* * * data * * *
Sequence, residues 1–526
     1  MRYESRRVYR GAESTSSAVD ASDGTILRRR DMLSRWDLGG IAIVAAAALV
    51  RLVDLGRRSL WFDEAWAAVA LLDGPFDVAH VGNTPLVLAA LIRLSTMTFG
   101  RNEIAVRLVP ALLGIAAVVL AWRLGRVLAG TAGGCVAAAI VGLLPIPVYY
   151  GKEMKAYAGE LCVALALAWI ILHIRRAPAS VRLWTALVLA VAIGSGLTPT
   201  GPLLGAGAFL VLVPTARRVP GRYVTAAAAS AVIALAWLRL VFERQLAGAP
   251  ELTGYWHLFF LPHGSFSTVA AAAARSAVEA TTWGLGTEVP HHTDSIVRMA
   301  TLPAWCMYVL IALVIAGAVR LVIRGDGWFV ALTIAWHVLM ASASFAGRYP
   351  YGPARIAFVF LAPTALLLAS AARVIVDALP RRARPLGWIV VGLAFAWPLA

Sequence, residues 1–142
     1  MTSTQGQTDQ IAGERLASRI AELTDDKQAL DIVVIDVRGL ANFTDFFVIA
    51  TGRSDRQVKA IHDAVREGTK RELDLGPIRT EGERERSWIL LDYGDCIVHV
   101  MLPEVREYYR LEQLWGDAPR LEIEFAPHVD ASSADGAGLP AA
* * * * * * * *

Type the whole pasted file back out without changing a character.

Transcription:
Sequence, residues 1–526
     1  MRYESRRVYR GAESTSSAVD ASDGTILRRR DMLSRWDLGG IAIVAAAALV
    51  RLVDLGRRSL WFDEAWAAVA LLDGPFDVAH VGNTPLVLAA LIRLSTMTFG
   101  RNEIAVRLVP ALLGIAAVVL AWRLGRVLAG TAGGCVAAAI VGLLPIPVYY
   151  GKEMKAYAGE LCVALALAWI ILHIRRAPAS VRLWTALVLA VAIGSGLTPT
   201  GPLLGAGAFL VLVPTARRVP GRYVTAAAAS AVIALAWLRL VFERQLAGAP
   251  ELTGYWHLFF LPHGSFSTVA AAAARSAVEA TTWGLGTEVP HHTDSIVRMA
   301  TLPAWCMYVL IALVIAGAVR LVIRGDGWFV ALTIAWHVLM ASASFAGRYP
   351  YGPARIAFVF LAPTALLLAS AARVIVDALP RRARPLGWIV VGLAFAWPLA

Sequence, residues 1–142
     1  MTSTQGQTDQ IAGERLASRI AELTDDKQAL DIVVIDVRGL ANFTDFFVIA
    51  TGRSDRQVKA IHDAVREGTK RELDLGPIRT EGERERSWIL LDYGDCIVHV
   101  MLPEVREYYR LEQLWGDAPR LEIEFAPHVD ASSADGAGLP AA